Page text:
I want you to picture Irishness. Imagine it as clearly as you can. But, here’s the catch: take out all the leprechauns. Take out all the rainbows with pots of gold, all the cartoon-ish drunkards, four-leaf clovers, Saint Patrick’s Day ragers and at least half of the white people who’ve told you they’re Irish (because honestly one red-headed great-great-grandparent doesn’t really count).
What are you left with? For most of you, I’m going to guess very little. That’s because Irishness has been tragically reduced to nothing more than a grab-bag of drunken caricatures and one annual excuse to drink too much and wear a color whose cultural history you don’t understand.
That’s not a culture. That’s a gimmick, a marketing schtick. There are around 70 million people globally who are part of the Irish diaspora, spread by famine, political crises and rampant labor exploitation, and that’s all the heritage they have to connect with.
I am a part of that Irish diaspora; my family name connects me to thousands of individuals around the globe descended from the same proud clan with a history stretching back millennia. And yet, I still had to explain to other students in elementary and middle school that I wasn’t related to leprechauns. I still receive countless emails directed to Jack “Ogrady” because no one ever thought it was important to learn how to spell my last name properly. I still get chastised for not caring about wearing green on St. Patrick’s Day “because you’re Irish,” when that color is deeply embedded in centuries of religious conflict and nationalist violence.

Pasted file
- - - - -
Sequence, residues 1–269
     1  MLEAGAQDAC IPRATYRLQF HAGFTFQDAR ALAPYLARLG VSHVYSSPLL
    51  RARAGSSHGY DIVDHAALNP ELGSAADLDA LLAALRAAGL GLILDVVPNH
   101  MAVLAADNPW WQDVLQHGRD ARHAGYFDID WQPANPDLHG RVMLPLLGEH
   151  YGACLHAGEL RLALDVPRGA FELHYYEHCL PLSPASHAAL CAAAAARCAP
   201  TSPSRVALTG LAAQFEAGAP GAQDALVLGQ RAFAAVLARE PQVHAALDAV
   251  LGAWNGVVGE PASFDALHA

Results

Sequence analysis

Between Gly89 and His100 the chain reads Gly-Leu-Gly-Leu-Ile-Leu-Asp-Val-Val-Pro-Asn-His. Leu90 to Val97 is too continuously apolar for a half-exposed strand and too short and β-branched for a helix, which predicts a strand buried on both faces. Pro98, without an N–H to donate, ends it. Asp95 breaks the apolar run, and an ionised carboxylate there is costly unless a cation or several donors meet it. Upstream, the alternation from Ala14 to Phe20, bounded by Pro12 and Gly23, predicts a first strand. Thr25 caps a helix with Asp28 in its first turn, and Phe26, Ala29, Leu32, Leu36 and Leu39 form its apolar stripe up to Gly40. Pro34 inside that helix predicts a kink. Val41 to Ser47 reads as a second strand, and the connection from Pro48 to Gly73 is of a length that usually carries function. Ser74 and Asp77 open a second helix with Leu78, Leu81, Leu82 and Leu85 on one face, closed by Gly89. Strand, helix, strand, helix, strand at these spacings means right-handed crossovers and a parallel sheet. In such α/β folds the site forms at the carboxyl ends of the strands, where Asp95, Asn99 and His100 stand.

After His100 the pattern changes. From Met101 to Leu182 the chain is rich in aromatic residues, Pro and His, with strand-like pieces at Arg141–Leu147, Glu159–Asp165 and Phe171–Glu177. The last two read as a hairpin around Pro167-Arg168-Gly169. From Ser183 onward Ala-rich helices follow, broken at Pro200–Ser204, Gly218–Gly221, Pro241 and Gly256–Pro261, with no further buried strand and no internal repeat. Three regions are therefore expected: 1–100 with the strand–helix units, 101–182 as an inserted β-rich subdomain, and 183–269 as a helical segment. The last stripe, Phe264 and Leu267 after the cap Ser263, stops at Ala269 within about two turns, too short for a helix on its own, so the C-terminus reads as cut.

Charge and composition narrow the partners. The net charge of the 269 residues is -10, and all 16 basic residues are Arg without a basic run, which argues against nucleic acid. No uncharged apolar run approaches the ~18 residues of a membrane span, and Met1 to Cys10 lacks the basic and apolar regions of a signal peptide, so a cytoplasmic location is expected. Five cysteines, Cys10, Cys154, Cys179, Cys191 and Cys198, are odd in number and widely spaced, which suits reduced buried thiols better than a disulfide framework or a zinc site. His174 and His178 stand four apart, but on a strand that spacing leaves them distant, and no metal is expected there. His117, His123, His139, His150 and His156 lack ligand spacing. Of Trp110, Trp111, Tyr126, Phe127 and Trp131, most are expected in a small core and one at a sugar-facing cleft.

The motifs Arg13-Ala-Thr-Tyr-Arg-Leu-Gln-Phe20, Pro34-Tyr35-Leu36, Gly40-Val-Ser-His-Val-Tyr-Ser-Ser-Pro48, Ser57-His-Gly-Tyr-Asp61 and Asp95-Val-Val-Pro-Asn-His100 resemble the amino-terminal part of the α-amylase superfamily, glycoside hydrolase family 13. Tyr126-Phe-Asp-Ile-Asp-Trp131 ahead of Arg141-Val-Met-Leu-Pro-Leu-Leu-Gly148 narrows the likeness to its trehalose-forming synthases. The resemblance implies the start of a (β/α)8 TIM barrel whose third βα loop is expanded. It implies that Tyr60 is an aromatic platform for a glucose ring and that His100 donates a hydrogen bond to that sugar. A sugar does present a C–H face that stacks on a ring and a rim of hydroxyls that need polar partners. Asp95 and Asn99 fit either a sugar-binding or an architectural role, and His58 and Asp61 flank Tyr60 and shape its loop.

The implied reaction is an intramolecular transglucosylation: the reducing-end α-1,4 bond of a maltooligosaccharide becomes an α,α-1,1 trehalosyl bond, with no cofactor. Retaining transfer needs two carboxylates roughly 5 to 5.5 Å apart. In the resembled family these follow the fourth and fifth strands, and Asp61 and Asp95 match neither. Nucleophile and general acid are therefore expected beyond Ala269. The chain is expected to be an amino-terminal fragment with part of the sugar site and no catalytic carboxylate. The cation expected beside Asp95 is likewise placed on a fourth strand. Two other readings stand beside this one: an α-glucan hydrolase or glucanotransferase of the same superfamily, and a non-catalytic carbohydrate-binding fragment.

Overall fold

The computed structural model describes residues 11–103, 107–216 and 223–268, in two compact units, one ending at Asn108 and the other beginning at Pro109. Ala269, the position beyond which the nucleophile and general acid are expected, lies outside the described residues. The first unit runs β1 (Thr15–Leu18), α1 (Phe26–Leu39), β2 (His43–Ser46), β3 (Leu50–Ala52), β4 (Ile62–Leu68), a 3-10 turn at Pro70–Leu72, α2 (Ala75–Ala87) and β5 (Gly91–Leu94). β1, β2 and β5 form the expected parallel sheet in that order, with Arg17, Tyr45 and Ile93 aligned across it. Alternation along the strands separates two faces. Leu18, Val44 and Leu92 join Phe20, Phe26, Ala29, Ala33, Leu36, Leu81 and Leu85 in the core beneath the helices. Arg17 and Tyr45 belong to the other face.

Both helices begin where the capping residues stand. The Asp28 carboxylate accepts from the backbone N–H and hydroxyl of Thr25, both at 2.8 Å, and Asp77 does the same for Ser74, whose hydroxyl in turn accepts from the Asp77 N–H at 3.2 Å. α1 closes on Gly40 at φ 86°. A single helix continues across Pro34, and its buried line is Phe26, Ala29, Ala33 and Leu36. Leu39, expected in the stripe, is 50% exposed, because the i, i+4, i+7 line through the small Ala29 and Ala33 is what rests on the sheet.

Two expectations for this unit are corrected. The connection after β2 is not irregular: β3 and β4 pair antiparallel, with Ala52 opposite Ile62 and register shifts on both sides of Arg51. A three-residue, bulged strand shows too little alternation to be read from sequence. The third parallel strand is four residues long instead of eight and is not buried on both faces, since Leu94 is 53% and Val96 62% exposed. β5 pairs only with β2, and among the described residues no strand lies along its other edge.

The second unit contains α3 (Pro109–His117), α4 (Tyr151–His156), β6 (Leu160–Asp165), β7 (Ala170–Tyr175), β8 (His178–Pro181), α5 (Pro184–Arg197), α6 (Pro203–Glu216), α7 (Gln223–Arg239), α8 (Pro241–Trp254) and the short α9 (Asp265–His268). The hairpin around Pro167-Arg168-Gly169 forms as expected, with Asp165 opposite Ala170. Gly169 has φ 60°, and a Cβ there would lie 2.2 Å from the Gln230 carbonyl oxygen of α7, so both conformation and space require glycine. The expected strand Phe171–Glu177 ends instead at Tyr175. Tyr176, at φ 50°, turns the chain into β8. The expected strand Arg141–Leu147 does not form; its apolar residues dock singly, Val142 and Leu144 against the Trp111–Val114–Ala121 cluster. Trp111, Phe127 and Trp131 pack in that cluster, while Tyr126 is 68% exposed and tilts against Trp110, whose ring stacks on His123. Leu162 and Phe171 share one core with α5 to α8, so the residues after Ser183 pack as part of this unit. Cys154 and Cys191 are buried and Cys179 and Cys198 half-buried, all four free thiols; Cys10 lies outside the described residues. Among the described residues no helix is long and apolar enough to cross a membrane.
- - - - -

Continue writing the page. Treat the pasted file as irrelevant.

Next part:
These stereotypes and misconceptions stem from the commercialization of the heritage that millions of Irish clung to when they fled to America. That false culture was then cruelly sold back to them again and again as others dictated what it really meant to be Irish.